haunted by their ancestors, who did not meet a good
death. That said, they maintain a small military outpost
at the base of the Dragonspine portion of the city to
prevent treasure hunters from disturbing the dead. In
case any undead do lurk in the dark, silent tunnels, the
dwarves erected a shrine to Scaetha as a warning.

been the greatest dwarven city. Even before the great

winter came, when warmer lands surrounded the mountain-city, Karad Khan brooked no rivals for its sheer size
and majesty.
According to legend, the city was a marvel to behold,
with glittering caves, colossal statues carved from ice, and
corridors and tunnels covering many, many hundreds of
miles in total. The workmanship used in the construction of the core city could not be equaled anywhere in
Rassilon, a fact likely still true today.
No word has come from the great city since before the
Ice Rise, and the only way to reach the pass is to travel
through the perilous Frozen Forest. Even the hardy frost
dwarves have been unable to reach Karad Khan, despite
numerous attempts.
The frost dwarves surmise the city has fallen to orcs
and goblins, claiming that otherwise the passes and ancient trade road would be kept open whatever the cost
and precious minerals would continue to flow southward. Many dwarves yearn to know what fate befell the
city, but even the stoutest warriors balk at the thought of
the journey one must undertake to reach the hallowed

Population: 11,874 dwarves
Ruler: Thegn Godwin Foesmasher
Religion: Ertha, Tiw, Niht
Imports: Icewood, timber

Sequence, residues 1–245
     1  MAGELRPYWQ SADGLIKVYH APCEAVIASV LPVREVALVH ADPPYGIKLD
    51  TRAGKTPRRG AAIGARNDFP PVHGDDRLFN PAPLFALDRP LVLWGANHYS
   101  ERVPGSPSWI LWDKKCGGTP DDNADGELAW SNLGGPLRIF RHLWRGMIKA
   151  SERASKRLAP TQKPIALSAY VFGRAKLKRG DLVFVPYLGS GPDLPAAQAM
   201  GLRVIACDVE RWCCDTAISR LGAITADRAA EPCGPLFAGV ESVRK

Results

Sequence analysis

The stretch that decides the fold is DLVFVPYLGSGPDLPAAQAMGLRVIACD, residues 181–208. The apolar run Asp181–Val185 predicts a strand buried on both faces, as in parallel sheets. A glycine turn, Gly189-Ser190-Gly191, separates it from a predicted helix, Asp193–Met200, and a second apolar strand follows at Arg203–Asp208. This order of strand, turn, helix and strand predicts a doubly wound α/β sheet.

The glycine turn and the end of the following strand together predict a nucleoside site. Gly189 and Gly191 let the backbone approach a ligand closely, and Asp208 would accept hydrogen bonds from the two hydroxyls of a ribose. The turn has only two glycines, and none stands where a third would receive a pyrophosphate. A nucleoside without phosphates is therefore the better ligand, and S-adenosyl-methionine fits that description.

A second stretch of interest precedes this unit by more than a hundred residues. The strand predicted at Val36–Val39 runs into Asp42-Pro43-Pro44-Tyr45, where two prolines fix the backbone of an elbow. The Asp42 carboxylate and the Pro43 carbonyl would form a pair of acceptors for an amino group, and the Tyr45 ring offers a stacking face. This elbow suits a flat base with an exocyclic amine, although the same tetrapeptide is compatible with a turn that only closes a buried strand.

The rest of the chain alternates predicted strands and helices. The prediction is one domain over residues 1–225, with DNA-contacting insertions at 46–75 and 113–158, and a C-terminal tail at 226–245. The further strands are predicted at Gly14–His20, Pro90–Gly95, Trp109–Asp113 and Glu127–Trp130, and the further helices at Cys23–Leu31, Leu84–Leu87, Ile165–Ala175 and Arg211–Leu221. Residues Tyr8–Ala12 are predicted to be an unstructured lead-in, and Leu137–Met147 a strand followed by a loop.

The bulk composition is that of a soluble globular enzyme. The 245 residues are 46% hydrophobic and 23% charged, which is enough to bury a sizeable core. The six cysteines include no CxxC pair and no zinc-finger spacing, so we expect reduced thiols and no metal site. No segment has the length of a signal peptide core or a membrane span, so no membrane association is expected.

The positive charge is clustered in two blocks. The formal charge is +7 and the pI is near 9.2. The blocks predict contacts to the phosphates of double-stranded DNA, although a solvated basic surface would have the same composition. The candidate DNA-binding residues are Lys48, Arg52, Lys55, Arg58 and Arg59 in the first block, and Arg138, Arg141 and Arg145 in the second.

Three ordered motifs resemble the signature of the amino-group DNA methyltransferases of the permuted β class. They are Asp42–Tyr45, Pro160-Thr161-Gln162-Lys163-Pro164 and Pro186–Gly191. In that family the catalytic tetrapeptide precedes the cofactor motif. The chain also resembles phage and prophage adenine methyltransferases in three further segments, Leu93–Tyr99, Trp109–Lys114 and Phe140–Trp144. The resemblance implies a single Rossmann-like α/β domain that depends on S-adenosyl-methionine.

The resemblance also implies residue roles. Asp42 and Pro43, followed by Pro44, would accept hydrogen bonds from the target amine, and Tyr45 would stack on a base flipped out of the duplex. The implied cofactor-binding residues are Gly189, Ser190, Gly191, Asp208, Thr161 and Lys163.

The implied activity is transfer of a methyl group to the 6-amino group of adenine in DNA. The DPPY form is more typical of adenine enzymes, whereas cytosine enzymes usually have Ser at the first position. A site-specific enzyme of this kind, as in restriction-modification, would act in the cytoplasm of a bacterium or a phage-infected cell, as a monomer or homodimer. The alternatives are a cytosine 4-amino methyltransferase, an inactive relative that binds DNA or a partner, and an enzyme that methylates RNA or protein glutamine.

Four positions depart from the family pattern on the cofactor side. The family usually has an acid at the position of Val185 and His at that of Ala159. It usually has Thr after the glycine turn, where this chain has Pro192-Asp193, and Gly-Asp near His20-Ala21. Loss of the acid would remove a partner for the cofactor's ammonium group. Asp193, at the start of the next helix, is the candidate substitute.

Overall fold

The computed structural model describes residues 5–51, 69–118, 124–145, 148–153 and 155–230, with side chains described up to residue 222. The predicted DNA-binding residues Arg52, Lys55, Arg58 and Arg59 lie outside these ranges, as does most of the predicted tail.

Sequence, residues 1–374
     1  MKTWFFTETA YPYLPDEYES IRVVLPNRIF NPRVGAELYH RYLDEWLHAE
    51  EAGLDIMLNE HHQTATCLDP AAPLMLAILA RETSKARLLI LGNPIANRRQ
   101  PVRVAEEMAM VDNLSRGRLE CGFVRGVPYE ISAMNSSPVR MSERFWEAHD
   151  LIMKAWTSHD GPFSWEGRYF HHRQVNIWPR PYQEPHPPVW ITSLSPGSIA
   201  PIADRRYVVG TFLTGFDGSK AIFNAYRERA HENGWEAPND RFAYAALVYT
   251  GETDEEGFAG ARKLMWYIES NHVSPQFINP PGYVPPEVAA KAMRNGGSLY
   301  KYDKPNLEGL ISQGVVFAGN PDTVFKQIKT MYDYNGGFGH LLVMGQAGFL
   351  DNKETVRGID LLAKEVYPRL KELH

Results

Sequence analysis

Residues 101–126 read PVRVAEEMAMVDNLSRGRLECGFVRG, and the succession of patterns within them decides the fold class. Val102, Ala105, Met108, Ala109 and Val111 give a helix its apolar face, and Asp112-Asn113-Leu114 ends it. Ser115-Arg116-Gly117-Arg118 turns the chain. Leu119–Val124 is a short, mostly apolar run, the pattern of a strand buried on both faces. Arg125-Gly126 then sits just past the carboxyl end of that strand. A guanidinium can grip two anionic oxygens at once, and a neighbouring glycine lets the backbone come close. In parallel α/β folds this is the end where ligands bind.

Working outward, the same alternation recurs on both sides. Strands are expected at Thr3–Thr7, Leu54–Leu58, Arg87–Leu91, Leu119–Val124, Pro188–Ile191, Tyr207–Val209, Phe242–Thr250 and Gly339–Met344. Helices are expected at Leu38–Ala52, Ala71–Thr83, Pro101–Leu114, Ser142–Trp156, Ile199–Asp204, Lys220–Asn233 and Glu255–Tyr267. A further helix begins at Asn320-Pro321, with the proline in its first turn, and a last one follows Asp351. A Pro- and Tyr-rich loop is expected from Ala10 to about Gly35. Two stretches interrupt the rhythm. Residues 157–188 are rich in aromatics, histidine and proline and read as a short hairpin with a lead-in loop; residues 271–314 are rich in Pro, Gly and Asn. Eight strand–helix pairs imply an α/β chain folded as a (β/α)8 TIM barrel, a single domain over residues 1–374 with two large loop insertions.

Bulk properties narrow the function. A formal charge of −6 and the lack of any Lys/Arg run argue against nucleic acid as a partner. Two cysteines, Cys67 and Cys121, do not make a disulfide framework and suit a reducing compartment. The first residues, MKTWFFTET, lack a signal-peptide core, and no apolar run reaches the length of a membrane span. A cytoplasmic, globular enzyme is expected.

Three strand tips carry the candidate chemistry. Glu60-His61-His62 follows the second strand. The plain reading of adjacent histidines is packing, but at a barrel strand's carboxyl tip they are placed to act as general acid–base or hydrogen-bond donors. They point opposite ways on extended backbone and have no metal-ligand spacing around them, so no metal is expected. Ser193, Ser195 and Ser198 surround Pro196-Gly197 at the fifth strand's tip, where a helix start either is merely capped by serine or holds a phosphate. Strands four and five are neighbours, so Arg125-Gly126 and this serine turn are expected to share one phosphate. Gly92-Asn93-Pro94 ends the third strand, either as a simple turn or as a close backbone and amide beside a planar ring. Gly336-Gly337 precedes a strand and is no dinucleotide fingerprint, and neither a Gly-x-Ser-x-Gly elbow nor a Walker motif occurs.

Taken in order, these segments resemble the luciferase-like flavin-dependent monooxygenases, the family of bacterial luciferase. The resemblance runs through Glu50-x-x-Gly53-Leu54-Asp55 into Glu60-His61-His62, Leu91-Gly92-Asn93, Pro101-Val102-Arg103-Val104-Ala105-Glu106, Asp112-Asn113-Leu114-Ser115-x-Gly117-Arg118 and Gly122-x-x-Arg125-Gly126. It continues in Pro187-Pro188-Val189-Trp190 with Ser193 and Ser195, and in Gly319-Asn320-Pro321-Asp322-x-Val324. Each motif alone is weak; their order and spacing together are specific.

Exports: Armor, iron, stone, weapons
Extremely small by frost dwarf standards, Karad Iarn
lies in the western tip of the Icebarrier, close to Angmark.
Founded only 200 years ago, the tunnels stretch for
barely 30 miles in total.
Goblins and orc raids are a constant threat to the
small community, but Thegn Godwin Foesmasher, is too
proud to ask the hearth races for help in quelling their
numbers. The recent addition of ogres in the orc armies,
however, may soon change his mind.
The inhabitants trade with Angmark, selling armor
and iron and importing timber. Relations are strictly
businesslike, though.

Population: Unknown, possibly zero
Karad Khan, the Jewel of Dwarvenkind, had always


halls and deep tunnels. Until the truth of what doom befell the city is known, Karad Khan is mourned in song.

Population: 17,915 dwarves, 29,000 orcs and goblins
Ruler: Thegn Rungar Hammerhand
Religion: Tiw, Ertha, Hothar, Niht
Imports: The dwarves must import almost everything
they need, promising high payments after the liberation
of the city.
Exports: None at present
Karad Marn lies in the Jotunvalk Mountains. Built
many centuries ago, Karad Marn is, by dwarven standards, a large city, with tunnels running for over 200
It has actually been in orcish hands for the last six
decades. The dwarves, in their eagerness to expand the
mines, broke through into a major orc stronghold. The
orcs swarmed through the unprepared dwarven city,
capturing over nine-tenths from within. The dwarven
defenders hung on to the entrance chamber, which, as
typical in dwarven realms, was the most heavily fortified
area anyway, and held the orcs back long enough for reinforcements from Karad Zor, many hundreds of leagues
to the south, to arrive.
At present, about 35% of the city is back in dwarven
hands, but the bitter fighting to completely liberate the
city continues.
Eager to regain their city, and especially the vast
stockpiles of mineral wealth stored within, the dwarves
have taken to hiring mercenaries when needed to bolster
their meager forces. However, the march to Karad Marn